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Yogic Breathing Exercises Can Help Veterans with PTSD

🕑 2 minutes read
Posted June 7, 2013

PTSD affects around 20% of veterans and current treatments are only effective for about half of them, but research by Stanford scholar Emma Seppala, associate director of the Center for Compassion and Altruism Research and Education has found that breathing exercises significantly decreased PTSD in veterans. Furthermore, the effects of a weeklong workshop that involved practicing the techniques persisted a year later.

Seppala’s study, which began in 2010, involved 21 male veterans of the Iraq and Afghanistan wards. Half of the participants went through a seven-day workshop that focused on breathing techniques from Sudarshan Kriya Yoga practice. The rhythmic breathing is meant to induce physical and mental relaxation, as well as reduce the symptoms of anxiety, depression, and stress. Seppala described the exercises as “an active breathing intervention.”

Participants completed questionnaires about how they were feeling both before and after the daily workshops. They also went through cognitive and psychological tests that measured their reactions to things like loud noises or other startling stimuli. The veterans went through testing again one month and then one year after the workshop’s completion.

Accessibility is one possible reason for why the breathing exercises are proving effective. Seppala commented, “Certain exercises are not always accessible to people injured in war. Therapies that require sitting are difficult, too, for someone with high anxiety … however, the breathing is so active it gives them something to do and relaxes them.”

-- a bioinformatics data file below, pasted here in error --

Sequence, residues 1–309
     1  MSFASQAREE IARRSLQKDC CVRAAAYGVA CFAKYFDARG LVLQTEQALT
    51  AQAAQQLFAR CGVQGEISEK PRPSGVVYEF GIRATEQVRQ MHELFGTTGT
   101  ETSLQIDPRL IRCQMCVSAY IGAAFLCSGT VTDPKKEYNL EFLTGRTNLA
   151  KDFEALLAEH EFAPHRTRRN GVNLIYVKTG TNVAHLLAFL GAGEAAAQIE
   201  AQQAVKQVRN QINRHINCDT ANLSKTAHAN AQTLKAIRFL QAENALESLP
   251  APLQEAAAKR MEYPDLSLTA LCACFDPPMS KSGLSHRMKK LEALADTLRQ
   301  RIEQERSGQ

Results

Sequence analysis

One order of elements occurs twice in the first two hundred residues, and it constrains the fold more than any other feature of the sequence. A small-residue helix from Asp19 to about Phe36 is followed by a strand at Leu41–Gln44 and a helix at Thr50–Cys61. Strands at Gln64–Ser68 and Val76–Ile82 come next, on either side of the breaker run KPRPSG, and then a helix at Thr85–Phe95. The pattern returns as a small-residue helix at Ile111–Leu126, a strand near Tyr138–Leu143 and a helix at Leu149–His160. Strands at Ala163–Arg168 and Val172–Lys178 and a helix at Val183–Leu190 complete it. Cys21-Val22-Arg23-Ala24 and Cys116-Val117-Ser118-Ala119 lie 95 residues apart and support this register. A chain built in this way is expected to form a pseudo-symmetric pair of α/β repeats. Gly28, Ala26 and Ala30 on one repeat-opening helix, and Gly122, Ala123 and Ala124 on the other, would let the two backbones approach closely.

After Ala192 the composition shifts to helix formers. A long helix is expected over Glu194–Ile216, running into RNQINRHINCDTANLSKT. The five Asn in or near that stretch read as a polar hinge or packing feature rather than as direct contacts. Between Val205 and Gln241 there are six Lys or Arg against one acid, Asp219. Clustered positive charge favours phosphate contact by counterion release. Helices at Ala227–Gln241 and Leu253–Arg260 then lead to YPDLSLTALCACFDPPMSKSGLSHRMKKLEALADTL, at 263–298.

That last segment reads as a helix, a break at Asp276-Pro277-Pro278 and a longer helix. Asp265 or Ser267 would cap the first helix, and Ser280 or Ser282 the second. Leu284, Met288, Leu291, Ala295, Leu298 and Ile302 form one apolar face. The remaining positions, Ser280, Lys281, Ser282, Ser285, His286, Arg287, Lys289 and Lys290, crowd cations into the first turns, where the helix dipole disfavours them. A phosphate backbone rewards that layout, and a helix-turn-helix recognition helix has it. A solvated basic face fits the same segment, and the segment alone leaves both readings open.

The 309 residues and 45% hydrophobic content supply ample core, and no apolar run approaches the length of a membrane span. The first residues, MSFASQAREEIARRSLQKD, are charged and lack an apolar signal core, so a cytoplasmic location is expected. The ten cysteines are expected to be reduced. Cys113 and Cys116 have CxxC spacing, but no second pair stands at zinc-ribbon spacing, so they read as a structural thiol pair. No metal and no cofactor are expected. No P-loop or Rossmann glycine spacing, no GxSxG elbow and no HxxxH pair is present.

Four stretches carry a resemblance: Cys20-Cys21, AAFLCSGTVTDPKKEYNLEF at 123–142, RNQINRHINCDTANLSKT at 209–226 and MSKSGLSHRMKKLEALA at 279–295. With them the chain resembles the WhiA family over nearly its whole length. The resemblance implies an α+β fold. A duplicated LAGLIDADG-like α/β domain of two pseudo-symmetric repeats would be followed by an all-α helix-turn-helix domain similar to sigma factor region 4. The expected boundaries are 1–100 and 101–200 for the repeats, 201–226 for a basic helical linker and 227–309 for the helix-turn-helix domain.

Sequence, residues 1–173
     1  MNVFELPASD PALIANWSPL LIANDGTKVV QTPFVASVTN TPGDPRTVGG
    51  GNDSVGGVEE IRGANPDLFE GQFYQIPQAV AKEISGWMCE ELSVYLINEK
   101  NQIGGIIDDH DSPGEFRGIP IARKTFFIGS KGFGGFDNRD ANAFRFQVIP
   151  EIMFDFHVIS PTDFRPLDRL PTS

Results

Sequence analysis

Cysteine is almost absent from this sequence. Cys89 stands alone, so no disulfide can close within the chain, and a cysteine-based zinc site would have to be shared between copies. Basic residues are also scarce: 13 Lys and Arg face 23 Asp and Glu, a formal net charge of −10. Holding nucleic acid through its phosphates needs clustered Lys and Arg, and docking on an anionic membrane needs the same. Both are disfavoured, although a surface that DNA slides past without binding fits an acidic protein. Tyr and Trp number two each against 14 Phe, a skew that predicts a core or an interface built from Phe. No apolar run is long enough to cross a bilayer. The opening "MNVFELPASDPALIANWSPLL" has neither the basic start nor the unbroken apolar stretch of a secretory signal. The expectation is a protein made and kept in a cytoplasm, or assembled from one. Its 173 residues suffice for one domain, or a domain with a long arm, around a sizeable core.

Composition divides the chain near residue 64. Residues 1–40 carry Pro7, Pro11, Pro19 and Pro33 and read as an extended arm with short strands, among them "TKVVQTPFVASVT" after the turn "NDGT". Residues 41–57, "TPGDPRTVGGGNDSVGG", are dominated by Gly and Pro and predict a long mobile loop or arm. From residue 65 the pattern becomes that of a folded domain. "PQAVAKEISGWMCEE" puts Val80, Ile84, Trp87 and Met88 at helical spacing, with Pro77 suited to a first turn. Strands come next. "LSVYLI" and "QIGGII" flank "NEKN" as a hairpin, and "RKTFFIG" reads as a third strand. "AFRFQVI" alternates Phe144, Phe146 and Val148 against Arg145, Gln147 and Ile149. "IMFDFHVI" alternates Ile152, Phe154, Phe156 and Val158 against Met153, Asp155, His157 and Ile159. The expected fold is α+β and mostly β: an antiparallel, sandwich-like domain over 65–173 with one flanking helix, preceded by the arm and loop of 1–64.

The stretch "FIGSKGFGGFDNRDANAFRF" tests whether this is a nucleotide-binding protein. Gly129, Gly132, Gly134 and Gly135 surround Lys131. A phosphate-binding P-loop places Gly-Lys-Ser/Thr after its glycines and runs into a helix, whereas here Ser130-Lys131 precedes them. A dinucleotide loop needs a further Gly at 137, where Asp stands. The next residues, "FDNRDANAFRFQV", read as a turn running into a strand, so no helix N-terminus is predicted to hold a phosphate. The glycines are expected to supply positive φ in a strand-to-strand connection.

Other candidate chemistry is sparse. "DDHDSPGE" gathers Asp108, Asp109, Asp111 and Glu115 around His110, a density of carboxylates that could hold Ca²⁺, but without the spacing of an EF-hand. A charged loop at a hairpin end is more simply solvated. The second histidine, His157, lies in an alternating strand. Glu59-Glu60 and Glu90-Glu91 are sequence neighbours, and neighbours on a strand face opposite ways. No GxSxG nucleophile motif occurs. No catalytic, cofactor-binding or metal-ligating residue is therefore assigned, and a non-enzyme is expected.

Although treatments like this one have been available to veterans through programs like Project Welcome Home Troops, this research provides data that corroborates existing anecdotal evidence on mindful breathing treatments. Seppala’s goal is that this data will influence policy and policymakers to provide funding or other support for treatments like these.

Alternative treatments such as yogic breathing are also important because many veterans quit traditional therapy in favor of self-medication through alcohol or cannabis. Traditional therapy involves recalling traumatic events, which can prove challenging for veterans. Fortunately, yogic breathing has fewer side effects and is more economical than therapy or drugs. Said Seppala, “Veterans don’t want to depend on a drug or therapist or some survivors group. Practices that give them the tools to help themselves … are a fantastic fit for them.”

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